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The Safety of Transporting Nuclear Material Basic Facts

  • Over the past 40 years, about 3,000 shipments of spent nuclear fuel have navigated more than 1.7 million miles of U.S. roads and railways. Of all this travel, no radioactive materials have been released to contaminate the environment as a result from an accident The nuclear industry's commitment to safe packaging and security has produced a safety record that would be difficult to match. The basic safety measures undertaken in the transportation of nuclear material ensures that the industry's safety track record will remain undiminished.
  • Each year, 100 million shipments of hazardous supplies navigate America's roadways, railways, airspace and shipping routes. Of these hazardous shipments, only 2 to 5 million involve radioactive material. At the most, only 5 percent of hazardous shipments in the United States involve radioactive materials. And most of these shipments are radioisotopes for medical and industrial use.
  • The well-designed packages and casks, used to carry nuclear materials, along with implementing stringent regulations and tested safety measures, are the reasons for this stellar safety record.
  • Casks used for shipping spent nuclear fuel are designed to minimize potential radiation exposure for the public. They are rigorously designed according to requirements established by the Nuclear Regulatory Commission and the Department of Transportation in volumes 10 and 49 of the Code of Federal Regulations. The casks are about 15 times thicker than a gasoline tank truck shell, and they include three inches of stainless steel and thick radiation shields. Typically, for every ton of fuel, there are more than three tons of protective packaging and shielding.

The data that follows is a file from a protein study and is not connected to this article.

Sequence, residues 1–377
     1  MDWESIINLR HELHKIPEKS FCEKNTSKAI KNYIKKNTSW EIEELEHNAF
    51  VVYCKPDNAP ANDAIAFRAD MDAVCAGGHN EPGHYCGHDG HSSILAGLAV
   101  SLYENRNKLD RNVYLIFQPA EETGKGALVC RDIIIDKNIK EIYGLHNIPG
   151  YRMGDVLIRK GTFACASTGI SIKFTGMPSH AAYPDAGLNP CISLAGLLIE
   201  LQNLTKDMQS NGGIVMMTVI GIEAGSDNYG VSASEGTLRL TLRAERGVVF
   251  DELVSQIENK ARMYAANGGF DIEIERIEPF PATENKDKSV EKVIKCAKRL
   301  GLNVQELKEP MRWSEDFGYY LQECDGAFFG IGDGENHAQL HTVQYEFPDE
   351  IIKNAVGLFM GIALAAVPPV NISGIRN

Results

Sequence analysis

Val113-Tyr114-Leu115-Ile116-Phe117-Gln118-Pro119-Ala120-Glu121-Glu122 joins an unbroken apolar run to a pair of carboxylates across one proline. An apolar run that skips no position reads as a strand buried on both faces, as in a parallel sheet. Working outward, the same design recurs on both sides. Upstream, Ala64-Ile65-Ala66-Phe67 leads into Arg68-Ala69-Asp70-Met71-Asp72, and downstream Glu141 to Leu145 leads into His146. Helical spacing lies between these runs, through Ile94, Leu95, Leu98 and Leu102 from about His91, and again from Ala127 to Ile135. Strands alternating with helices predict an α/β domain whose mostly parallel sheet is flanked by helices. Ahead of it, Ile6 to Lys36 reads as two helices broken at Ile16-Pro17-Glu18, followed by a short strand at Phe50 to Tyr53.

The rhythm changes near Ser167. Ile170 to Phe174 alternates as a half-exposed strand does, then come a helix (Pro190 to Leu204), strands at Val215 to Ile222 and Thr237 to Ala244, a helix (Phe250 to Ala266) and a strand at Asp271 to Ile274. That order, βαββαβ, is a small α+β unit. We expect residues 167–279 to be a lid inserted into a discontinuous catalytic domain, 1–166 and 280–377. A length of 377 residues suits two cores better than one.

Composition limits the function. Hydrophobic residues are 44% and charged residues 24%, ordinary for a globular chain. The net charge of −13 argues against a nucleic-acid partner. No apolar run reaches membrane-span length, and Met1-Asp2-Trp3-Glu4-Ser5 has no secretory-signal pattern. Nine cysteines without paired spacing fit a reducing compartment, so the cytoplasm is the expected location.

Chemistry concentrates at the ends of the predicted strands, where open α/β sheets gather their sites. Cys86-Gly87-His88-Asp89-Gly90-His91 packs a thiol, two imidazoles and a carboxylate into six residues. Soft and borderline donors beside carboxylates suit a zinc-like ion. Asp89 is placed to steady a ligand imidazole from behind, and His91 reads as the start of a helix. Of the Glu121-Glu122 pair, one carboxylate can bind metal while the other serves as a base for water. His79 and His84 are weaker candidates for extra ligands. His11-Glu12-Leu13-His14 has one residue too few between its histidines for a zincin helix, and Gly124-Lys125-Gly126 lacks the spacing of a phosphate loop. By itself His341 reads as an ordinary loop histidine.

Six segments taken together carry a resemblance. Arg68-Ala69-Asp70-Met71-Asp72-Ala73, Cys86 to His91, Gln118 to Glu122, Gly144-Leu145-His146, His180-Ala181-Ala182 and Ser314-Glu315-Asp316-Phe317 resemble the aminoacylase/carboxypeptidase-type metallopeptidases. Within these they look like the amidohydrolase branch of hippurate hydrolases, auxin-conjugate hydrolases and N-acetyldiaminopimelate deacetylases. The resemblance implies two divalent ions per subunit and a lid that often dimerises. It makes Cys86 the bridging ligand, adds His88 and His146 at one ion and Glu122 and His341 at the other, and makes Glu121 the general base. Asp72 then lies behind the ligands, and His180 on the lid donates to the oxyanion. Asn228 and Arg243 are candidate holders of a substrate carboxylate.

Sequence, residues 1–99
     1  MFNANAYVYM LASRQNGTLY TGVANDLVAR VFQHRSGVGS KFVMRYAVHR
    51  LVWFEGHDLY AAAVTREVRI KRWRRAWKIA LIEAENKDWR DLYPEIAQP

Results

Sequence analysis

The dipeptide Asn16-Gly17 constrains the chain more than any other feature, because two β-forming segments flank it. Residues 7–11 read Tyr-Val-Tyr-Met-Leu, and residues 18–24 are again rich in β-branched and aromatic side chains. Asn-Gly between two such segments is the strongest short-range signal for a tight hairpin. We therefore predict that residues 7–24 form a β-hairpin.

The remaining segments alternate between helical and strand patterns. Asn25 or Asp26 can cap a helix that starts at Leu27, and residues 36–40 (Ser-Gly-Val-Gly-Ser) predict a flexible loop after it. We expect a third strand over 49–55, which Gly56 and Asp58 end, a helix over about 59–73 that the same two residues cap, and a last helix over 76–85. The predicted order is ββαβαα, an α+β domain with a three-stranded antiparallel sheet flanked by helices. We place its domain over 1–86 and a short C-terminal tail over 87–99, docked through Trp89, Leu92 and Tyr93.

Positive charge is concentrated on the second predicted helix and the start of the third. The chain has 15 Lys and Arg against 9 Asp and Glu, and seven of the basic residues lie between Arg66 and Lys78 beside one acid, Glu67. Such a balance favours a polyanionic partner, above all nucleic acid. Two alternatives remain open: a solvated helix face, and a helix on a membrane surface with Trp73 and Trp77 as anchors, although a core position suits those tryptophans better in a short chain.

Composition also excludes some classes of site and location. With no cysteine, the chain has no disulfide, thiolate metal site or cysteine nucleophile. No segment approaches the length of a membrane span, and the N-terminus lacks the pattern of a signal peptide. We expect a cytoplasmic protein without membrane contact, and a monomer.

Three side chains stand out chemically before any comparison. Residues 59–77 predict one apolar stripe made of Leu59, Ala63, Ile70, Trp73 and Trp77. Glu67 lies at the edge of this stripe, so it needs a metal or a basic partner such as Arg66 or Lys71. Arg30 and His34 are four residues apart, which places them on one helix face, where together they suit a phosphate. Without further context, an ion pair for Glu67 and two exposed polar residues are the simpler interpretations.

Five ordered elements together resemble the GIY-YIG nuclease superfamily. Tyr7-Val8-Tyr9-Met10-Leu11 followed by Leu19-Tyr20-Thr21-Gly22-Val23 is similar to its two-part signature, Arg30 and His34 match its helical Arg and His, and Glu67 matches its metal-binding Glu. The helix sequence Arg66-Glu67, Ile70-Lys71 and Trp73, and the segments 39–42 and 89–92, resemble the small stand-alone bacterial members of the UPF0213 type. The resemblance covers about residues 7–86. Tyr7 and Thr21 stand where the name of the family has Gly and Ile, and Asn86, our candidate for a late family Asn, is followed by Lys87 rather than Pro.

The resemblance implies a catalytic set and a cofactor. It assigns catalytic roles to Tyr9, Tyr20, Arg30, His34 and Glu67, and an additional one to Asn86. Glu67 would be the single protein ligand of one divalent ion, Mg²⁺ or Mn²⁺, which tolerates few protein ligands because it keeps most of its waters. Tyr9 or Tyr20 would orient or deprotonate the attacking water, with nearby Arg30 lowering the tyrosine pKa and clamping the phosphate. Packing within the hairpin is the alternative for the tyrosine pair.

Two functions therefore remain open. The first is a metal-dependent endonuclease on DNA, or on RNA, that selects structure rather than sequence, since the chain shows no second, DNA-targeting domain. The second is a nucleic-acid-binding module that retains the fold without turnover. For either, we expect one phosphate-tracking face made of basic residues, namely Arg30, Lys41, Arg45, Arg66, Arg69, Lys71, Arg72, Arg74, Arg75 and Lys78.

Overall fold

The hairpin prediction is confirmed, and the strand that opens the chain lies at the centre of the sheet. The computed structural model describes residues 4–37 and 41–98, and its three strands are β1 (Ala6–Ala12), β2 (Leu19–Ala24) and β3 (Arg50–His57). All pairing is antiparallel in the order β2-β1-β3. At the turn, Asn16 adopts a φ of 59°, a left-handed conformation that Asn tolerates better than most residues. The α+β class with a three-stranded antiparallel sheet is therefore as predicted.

• Casks are designed and tested to withstand crashes, fire, water immersion and puncture. To be certified, a cask design must withstand a sequence of four tests that measure its performance in specified crash and fire accident conditions.
  • Public routes used for the transport of nuclear materials must meet strict safety requirements before nuclear fuel is permitted access. Department of Transportation regulations require carriers of materials with high levels of radioactivity, such as spent fuel, to use the safest routes available. Risk assessments of radioactive materials transportation evaluate factors such as accident rate, transit time, population density, other vehicles sharing the route and time of day.
  • The DOT identifies "preferred routes," which consist of interstate highways and bypass routes around cities, where possible, or an alternative route selected by a state routing authority. If the routing authority selects an alternate route, it must demonstrate by a routing analysis that using the alternate route does not increase overall risk. Alternate route selections must be preceded by consultations between DOT and affected state and local authorities before such designations can go into effect.
  • Specialized trucking companies handle used nuclear fuel shipments in the United States. These experienced, specially licensed companies haul all kinds of hazardous materials more than 50 million miles annually. Vehicles are state of the art, equipped with computers that provide an instantaneous update on the truck's location and convey messages between driver and dispatcher through a satellite communications network. Drivers receive extensive training and must be certified.
  • Radioactive materials are transported to medical, industrial, research and manufacturing facilities; nuclear power plants; and storage and disposal sites. They are used in a variety of applications, such as the diagnosis and treatment of disease, agricultural research, manufacture of commercial goods and nuclear electricity production.
  • The United States has a half-century of experience in transporting radioactive materials.
  • It is less hazardous to ship solid spent nuclear fuel than to ship many other materials, including gasoline, that are routinely transported all over the country. Fresh nuclear fuel is even less hazardous to ship, and is not highly radioactive.

Last updated June 27, 2012, 8:42am CDT.

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